How We Came to Immigrate


How and Why We Came to Immigrate, to Invest in a Forestry Trust, and to Start, Then Liquidate, a Business

Things do not change; we change.

- Henry David Thoreau

Note: If you arrived at this page because you're searching for information on how to immigrate to New Zealand, you might also want to visit Moving Down Under: How to Get In...

We first arrived in Auckland for a 30-day vacation on Thursday, 24 June 1993.  We decided within 2 days that we might like to immigrate.  We called an immigration agent in Auckland and explained our situation.  He told us we qualified as business investment migrants.  We talked it over for several more days.  When we arrived in, and saw the beauty of, Wellington, we felt it was the place we most wanted to live.  On 7 July 93, we filled out and lodged an immigration application with Mr Stephen Reidy, the local immigration specialist recommended by the Wellington Chamber of Commerce.

Before leaving Wellington, we rented a mail box at the Te Aro post office so we’d have a NZ address to use for forwarding mail from the US.  We also gave Reidy a cheque for a down payment on a berth at Chaffers Marina for the boat we had decided to acquire.  We’d recently received an offer of this boat in trade for California acreage we owned.  Since a new marina was just being built in Wellington’s central business district, it seemed perfect for us to immigrate in the boat.  Reidy said most Kiwis’ ancestors had come by boat.  He forwarded our cheque to his friend Donald Best, chief executive of Lambton Harbour, and said he would arrange details.

We left NZ Thursday, 22 July 93, landing in Los Angeles.  We drove from there to North Carolina.  On 20 August 93, we assisted the movers who picked up our household goods from storage in Huntersville.  The goods were to be stored for one month, then shipped to us in Wellington.  From there, we drove to Comstock, Texas where we executed a trade for our home there as part of the purchase price of the boat.  From there, we drove to San Francisco where we finished the purchase of Lady Fair, a 67-foot motor yacht.

We mailed our complete immigration application (all 120+ pages) to Cherry Hankin at the New Zealand Consulate’s office in Los Angeles on Friday, 10 Sept 1993.  Her office received it the following Monday.  However, she told us on the phone that it would be weeks before they’d have a chance to even check it for completeness.  We couldn’t wait that long to depart and still be likely to miss the first hurricane of the season, so we stocked, stowed, and sailed on 10 October 1993, arriving in Whangarei on Thursday, 25 November 1993.

We had been in constant contact with Reidy during this time, except for the periods we were at sea.  He surprised us when we finally got to Wellington: he met us with a tugboat shooting water cannons, a reporter, photographer, and a party.

It eventuated that, to avoid import duty, an immigrant must have owned his/her boat for a year.  We discovered only after our arrival that, if we officially entered the country with the boat, we owed a considerable amount in taxes and customs duty.  Reidy, knowledgeable of all laws and regulations pertaining to immigration, had not known that.  At his suggestion, on 19 January 1994, we deposited our qualifying investment funds into what seemed to us the most secure of those he handled — the Flat Rock Forests Trust (FRFT).  We were afraid we would be forced to leave NZ because we hadn’t enough money left for the taxes and duty.  However, Reidy had told us that depositing our money even before we received residency would show our commitment and might enable him to secure an exemption for us.  We invested our funds but we didn't get an exemption.  At the time of our investment, the Trust had $13,390,935 in assets per Forme Consulting.  (Four years later it was worthless, though we were told by Stephen Reidy in writing just after New Year's in 96 that the Trust was under AMP Trustee status and thus required AT ALL TIME to hold clear asset value of NZ$10 million.  He said it had that.)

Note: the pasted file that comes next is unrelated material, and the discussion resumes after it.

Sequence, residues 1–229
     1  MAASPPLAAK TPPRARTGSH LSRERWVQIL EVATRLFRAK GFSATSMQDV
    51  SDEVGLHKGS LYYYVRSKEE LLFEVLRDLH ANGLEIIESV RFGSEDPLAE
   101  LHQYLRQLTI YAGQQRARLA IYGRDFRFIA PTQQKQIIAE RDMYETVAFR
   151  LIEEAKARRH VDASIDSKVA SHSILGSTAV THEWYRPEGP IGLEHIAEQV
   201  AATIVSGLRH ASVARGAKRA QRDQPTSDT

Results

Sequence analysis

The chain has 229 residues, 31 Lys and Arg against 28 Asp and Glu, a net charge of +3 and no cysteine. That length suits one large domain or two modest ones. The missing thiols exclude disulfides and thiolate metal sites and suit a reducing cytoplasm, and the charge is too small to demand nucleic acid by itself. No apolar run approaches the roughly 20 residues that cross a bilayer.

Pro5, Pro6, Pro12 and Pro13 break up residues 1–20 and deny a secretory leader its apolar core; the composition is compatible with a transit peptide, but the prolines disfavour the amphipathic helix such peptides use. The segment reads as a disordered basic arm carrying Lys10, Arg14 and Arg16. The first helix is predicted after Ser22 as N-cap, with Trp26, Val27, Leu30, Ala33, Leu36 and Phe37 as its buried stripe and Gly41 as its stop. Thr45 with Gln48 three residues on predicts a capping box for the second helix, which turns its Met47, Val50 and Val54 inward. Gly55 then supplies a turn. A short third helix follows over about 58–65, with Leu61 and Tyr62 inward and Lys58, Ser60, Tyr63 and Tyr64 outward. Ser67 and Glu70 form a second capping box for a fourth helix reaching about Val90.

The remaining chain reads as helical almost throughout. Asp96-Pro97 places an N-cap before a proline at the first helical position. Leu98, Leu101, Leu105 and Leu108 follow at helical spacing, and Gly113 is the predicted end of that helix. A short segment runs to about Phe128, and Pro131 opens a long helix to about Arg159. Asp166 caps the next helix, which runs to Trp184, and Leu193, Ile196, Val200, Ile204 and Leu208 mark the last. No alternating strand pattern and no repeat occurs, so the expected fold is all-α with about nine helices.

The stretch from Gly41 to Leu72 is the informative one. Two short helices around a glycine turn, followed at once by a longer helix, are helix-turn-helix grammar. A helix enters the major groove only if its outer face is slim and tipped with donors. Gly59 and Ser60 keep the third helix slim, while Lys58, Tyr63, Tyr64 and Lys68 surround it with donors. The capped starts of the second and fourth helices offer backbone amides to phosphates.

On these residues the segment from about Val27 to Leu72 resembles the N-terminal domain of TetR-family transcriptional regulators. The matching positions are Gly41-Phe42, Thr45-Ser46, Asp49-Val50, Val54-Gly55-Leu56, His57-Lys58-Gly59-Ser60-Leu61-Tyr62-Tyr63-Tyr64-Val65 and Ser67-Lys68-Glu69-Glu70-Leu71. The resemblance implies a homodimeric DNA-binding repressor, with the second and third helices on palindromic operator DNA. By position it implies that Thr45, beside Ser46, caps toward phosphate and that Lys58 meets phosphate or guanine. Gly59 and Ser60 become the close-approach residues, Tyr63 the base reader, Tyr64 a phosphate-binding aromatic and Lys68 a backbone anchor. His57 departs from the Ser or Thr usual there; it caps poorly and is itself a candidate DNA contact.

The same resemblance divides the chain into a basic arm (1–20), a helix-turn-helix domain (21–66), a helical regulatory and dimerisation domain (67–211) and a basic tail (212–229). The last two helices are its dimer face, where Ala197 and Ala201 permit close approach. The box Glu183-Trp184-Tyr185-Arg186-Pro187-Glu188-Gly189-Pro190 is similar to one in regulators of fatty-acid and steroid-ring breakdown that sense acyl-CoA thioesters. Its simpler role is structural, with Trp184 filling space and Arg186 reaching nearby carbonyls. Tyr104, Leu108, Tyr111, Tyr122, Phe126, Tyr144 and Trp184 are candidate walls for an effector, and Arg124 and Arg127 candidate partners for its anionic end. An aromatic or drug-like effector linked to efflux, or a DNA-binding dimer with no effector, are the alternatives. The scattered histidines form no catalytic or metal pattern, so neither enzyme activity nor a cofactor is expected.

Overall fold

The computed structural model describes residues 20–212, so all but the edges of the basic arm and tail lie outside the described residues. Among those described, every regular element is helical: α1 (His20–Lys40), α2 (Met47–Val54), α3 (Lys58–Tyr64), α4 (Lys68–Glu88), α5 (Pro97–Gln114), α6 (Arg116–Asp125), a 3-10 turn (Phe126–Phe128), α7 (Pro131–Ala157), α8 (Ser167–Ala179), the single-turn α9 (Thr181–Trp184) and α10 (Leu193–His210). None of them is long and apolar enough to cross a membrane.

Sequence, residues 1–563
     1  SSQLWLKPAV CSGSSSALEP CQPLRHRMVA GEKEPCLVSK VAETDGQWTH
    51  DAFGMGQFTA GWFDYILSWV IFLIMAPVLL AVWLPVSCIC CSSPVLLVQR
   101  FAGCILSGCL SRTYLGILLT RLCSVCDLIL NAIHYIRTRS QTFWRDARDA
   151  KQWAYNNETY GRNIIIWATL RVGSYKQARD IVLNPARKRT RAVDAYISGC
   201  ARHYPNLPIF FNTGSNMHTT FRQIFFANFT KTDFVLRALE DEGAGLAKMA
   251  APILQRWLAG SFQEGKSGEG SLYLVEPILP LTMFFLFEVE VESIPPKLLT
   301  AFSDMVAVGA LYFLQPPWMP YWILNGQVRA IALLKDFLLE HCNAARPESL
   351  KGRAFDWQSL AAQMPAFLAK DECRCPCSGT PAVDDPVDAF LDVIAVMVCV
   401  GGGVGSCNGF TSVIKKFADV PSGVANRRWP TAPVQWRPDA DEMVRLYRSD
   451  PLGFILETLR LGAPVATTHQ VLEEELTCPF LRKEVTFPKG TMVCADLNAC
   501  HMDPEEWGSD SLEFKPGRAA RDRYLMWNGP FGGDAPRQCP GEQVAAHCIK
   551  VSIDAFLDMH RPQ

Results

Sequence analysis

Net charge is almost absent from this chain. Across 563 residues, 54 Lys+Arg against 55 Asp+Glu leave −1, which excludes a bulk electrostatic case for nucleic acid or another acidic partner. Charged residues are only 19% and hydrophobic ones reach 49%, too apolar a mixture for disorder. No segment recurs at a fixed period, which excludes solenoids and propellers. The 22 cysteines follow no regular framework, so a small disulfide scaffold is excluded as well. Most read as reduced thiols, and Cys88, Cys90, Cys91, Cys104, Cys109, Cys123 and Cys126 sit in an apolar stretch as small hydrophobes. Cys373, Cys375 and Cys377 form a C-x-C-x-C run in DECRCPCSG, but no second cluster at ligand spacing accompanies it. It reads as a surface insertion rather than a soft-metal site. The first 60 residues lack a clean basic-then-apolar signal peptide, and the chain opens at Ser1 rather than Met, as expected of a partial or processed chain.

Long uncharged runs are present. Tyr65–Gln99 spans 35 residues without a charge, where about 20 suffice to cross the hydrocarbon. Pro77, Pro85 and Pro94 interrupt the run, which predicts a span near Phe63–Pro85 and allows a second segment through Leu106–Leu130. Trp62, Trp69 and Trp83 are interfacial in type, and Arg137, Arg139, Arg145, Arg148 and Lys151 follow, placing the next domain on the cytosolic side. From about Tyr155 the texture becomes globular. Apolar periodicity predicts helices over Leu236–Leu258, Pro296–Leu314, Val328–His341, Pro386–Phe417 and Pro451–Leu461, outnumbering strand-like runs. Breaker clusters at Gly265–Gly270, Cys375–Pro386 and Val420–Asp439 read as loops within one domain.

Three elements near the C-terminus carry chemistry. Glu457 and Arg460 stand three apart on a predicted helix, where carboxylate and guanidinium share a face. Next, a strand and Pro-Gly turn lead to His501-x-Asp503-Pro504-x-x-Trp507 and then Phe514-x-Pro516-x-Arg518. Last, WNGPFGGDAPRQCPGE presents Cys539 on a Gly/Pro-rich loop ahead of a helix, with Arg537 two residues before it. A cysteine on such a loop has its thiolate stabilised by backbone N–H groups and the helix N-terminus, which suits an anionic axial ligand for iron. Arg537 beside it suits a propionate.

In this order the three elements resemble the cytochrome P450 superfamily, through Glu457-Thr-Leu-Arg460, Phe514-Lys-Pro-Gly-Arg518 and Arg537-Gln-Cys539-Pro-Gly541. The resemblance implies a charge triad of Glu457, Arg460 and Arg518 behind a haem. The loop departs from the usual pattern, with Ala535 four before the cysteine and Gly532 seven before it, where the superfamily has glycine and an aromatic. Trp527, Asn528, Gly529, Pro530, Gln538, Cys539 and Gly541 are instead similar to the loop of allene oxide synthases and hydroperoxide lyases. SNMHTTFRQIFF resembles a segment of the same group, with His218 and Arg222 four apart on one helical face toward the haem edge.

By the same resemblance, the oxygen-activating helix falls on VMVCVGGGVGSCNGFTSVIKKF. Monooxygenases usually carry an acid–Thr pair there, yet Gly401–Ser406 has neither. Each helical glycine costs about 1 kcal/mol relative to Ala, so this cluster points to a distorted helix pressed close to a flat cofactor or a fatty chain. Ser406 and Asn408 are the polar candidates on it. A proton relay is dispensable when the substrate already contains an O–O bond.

On 27 January 94, we formed our company, Loka Limited, though we were unable to do business until we actually received residency (almost 17 months later).  We rented a storage locker in the Overseas Passenger Terminal (OPT) so we’d have a place to store our household goods, which had been stacked on the Customs dock for 2 months.  Pengally’s delivered everything to the OPT Friday, 28 January 1994.

We also discovered that our berth’s pilings needed strengthening to accommodate a boat of our size and weight — for that the boat needed to be away from the dock for some time.  Since we were unable to begin work until we got residency and couldn’t afford the duty and taxes due if we stayed, we spent several months in Fiji until our year was up.   (We had little choice at that point.)  We thought we could use the time to get to know NZ’s neighbours better.

We first departed from Wellington on Tuesday 22 March 1994, headed for Tonga.  The following Saturday, we put in at Opua, forced back when we were 250 miles at sea by Tropical Cyclone Tomas, which was followed by Tropical Cyclone Usha.  We arrived in Auckland on Tuesday, 29 March, and again left NZ from Auckland on Tuesday, 5 April.

Meanwhile, a man in Reidy’s office in Wellington collected and forwarded our mail to us while we were away.  We briefly visited Tonga on the way to Fiji and then stopped over at Vanuatu on the way back to New Zealand.  We intended to leave Vanuatu mid-September, but were unexpectedly delayed by severe mechanical difficulties on our boat.  (We encountered endless problems during our months of cruising, partly because we hadn’t selected the boat with that action in mind.)  We left Port Vila headed for New Zealand, two weeks late, on 3 October 1994.  We arrived in Opua one week later.  Due to a protracted period of high winds, we were unable to reach Wellington until November.  There was no one waiting to greet our arrival this time.